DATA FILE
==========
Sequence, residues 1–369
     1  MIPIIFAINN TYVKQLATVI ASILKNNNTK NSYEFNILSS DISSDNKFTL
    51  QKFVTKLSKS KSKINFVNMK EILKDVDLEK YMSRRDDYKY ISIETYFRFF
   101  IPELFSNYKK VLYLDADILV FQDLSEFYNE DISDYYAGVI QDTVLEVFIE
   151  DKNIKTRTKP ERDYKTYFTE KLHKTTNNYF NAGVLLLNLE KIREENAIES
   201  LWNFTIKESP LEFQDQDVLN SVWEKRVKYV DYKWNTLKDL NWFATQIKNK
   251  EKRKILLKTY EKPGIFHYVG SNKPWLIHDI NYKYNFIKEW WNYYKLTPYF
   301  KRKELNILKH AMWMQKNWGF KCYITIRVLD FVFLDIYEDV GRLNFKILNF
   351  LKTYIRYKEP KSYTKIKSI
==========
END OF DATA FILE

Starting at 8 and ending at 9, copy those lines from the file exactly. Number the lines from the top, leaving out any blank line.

   301  KRKELNILKH AMWMQKNWGF KCYITIRVLD FVFLDIYEDV GRLNFKILNF
   351  LKTYIRYKEP KSYTKIKSI